Deepak’s claims: Say something, Rosmah

The opposition pact urges the ‘First Lady of Malaysia’ to answer claims she was involved in changing a statutory declaration implicating her husband in the murder of Altantuya Shaariibuu.

Anisah Shukry, FMT

The prime minister’s wife, Rosmah Mansor, must answer claims that she told carpet dealer Deepak Jaikishan to look for P Balasubramanian after the private investigator’s statutory declaration (SD) was made public, said Pakatan Rakyat.

On Wednesday, Deepak revealed the identity of his “female friend” who allegedly called up many people for favours on the day Balasubramaniam disclosed his first SD linking Najib to the murder of Mongolian translator Altantuya Shaariibuu.

Since then, the female friend, Rosmah, has kept silent, but her detractors in the opposition coalition decry her move as being unfair to the contending parties as well as to the public.

When asked to comment, PAS lawmaker Dzulkefly Ahmad pointed out that since Rosmah was the “First Lady of Malaysia”, these were grave allegations and could demolish all that was left of her credibility as well as her husband’s, the Prime Minister Najib Tun Razak.

“We are coming this close to an election that is the most critical by the way of a possibility of regime change,” the Kuala Selangor MP told FMT.

“So I think it’s only fair for all players that she immediately come out to challenge Deepak if she truly and honestly thinks that all these are a pack of lies concocted by him and whoever else contriving to bring her and her husband down.

“This is serious because it involves the prime minister, the first lady of Malaysia, the brother of the PM and whatnot.”

Dzulkefly was referring to Deepak’s claims that the latter had met with Nazim Tun Razak, who was representing Najib, and Balasubramaniam at a shopping mall after Rosmah had asked the carpet dealer for help.

According to Deepak, Nazim asked the private investigator what he wanted in return for making the second SD, which retracts all references of Najib’s purported link with Altantuya made in the first SD.

The deal was eventually closed and Nazim allegedly called Najib to arrange for a lawyer to draft the second SD at a hotel in Kuala Lumpur.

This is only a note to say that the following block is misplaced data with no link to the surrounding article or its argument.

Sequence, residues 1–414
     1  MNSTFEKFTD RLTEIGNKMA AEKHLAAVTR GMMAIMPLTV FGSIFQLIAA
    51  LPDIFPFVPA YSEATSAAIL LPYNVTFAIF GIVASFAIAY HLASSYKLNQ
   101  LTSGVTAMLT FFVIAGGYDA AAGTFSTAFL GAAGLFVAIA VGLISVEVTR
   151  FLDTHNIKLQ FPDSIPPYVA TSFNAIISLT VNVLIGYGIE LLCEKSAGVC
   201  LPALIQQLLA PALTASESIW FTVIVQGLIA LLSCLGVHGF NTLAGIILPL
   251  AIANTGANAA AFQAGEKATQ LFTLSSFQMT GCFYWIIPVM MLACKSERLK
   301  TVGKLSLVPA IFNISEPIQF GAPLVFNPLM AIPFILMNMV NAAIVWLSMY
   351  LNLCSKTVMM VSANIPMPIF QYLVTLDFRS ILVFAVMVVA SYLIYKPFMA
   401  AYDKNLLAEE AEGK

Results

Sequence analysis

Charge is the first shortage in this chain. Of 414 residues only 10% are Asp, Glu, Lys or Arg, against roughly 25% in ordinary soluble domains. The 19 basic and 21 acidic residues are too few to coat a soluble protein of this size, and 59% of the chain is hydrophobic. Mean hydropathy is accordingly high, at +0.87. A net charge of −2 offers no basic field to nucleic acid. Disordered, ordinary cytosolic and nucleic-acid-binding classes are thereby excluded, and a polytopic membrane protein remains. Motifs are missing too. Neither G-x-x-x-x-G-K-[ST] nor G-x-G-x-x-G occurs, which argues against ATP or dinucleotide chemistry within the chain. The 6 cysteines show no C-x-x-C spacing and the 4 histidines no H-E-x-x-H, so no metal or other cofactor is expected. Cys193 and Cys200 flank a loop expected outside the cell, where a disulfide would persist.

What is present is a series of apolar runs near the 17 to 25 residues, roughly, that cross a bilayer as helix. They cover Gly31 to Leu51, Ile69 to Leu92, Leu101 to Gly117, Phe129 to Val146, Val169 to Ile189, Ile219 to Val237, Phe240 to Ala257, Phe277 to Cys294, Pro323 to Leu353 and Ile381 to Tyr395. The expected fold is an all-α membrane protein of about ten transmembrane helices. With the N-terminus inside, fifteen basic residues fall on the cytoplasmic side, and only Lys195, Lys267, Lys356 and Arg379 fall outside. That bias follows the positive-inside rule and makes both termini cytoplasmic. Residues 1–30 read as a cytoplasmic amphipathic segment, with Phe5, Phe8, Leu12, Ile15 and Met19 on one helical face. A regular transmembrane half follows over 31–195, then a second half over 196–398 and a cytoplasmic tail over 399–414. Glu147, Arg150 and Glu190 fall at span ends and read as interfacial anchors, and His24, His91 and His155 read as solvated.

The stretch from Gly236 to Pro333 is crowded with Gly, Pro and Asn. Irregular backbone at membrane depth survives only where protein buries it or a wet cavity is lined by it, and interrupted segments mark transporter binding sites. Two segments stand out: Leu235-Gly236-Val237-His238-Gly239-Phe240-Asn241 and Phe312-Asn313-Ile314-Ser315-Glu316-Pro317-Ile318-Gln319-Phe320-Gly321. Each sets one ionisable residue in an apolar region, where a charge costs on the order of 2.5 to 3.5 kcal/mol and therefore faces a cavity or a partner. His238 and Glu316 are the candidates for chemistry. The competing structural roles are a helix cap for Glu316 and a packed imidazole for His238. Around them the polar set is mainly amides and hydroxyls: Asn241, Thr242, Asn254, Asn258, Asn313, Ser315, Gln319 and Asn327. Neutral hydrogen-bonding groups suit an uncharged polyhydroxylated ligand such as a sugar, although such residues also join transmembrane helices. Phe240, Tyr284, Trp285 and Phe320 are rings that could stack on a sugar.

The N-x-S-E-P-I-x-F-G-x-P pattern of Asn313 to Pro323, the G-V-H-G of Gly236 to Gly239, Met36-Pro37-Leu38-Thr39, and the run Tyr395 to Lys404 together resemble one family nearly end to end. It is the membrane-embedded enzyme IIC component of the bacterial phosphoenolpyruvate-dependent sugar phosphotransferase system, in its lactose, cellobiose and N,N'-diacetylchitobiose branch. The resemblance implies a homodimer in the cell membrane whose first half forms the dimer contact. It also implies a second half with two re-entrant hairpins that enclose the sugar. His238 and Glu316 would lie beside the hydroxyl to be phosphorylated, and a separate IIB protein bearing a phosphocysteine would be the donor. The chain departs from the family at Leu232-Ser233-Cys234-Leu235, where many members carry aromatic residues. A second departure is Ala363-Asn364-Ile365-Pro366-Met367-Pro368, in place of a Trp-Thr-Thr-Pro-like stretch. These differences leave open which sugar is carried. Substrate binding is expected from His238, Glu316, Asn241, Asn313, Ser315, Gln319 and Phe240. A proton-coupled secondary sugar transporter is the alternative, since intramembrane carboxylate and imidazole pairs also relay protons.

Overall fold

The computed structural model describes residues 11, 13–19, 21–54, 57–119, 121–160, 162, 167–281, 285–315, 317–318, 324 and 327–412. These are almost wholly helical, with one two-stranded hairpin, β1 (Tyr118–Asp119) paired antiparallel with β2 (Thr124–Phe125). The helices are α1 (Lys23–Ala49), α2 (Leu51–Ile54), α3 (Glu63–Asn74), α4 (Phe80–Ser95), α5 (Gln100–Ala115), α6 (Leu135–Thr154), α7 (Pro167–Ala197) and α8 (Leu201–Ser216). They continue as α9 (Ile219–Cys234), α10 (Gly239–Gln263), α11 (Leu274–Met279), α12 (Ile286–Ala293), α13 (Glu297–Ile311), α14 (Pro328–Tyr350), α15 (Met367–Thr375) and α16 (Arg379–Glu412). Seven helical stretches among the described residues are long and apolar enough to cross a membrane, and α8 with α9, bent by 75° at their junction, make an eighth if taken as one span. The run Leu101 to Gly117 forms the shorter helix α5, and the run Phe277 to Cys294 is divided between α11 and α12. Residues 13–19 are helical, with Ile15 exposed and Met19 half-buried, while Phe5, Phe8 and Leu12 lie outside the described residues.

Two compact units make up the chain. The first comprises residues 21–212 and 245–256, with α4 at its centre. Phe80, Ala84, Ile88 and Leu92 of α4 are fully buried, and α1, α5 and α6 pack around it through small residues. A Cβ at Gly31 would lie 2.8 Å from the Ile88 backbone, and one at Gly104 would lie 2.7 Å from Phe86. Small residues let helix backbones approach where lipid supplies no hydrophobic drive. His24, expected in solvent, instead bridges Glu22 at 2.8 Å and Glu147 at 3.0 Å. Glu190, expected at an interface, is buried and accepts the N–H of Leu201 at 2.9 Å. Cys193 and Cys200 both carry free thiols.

Deafening silence

“It will only get worse by way of the revelation of the exposé coming this way,” Dzulkefly said.

He further declared that all the prime minister’s talk of transformation, his apologies and emphasis on Islam would “go out the window” and “was finished” should the duo continue to keep up the silence.

“Stop this deafening silence, because, in this case, it is definitely not golden,” he stressed.

He said neither Najib nor Rosmah would be able to sweep the issue under the carpet as Malaysians were a discerning, thinking lot.

“You can’t avoid the perception of the rakyat, especially the discerning, thinking rakyat on which this election stands on.”

He suggested that instead of ignoring the issue, she should pursue a legal case against Deepak to prove such allegations were untrue.

“This is killing them softly, so if she truly feels this is downright lies, come out and say something to challenge Deepak… perhaps a legal suit,” said Dzulkefely.

Stop destroying your husband’s image’

Meanwhile, PKR Wanita chief Zuraida Kamaruddin called on Rosmah to fulfil her duty as a wife by clearing both her name and, just as importantly, her husband’s name.

“Rosmah needs to stop destroying her husband’s image,” the Ampang MP told FMT.

“She has been destroying the prime minister’s reputation with her past actions, and now it will be further destroyed with these serious allegations by Deepak.”

Zuraida said that, as the prime minister’s wife, Rosmah should be building up her husband’s image, but was instead smearing it.

“We have not heard anything from Rosmah; no attempts to straighten the facts out, to respond on the matter.

“It is a very serious allegation because it involves the murder of Altantuya, so Rosmah and the PM should come out with a statement.”

Zuraida added that Rosmah should not use the soon-to-be released biography as an excuse to keep silent, as the allegations had been around for far too long.

According to Bernama, the 164-page book will be priced at RM150 and distributed next month. It is expected to negate the “unfounded allegations” against her.

Meanwhile, DAP lawmaker Tony Pua also implored the duo to come out in the open, adding that they could not keep silent forever in the face of Deepak’s unending exposé.

“They must answer. They cannot keep silent, there have been too many allegations on the matter.

“Tell us the truth,” urged Pua.

He said that while he had not been following the case completely, any allegations that could tarnish the prime minister’s reputation as well as that of his direct associates must be dealt with immediately.